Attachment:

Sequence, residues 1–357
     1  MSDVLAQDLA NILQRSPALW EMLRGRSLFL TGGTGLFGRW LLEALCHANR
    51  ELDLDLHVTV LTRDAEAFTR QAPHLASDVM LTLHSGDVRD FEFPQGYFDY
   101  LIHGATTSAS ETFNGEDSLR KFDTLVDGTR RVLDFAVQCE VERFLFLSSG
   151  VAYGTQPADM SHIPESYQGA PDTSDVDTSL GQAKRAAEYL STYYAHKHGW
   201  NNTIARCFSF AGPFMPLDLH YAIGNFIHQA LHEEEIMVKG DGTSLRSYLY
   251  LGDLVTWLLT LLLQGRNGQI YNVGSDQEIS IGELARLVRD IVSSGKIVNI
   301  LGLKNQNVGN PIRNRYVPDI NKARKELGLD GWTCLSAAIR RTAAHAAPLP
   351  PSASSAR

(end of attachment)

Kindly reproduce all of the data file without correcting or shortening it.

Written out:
Sequence, residues 1–357
     1  MSDVLAQDLA NILQRSPALW EMLRGRSLFL TGGTGLFGRW LLEALCHANR
    51  ELDLDLHVTV LTRDAEAFTR QAPHLASDVM LTLHSGDVRD FEFPQGYFDY
   101  LIHGATTSAS ETFNGEDSLR KFDTLVDGTR RVLDFAVQCE VERFLFLSSG
   151  VAYGTQPADM SHIPESYQGA PDTSDVDTSL GQAKRAAEYL STYYAHKHGW
   201  NNTIARCFSF AGPFMPLDLH YAIGNFIHQA LHEEEIMVKG DGTSLRSYLY
   251  LGDLVTWLLT LLLQGRNGQI YNVGSDQEIS IGELARLVRD IVSSGKIVNI
   301  LGLKNQNVGN PIRNRYVPDI NKARKELGLD GWTCLSAAIR RTAAHAAPLP
   351  PSASSAR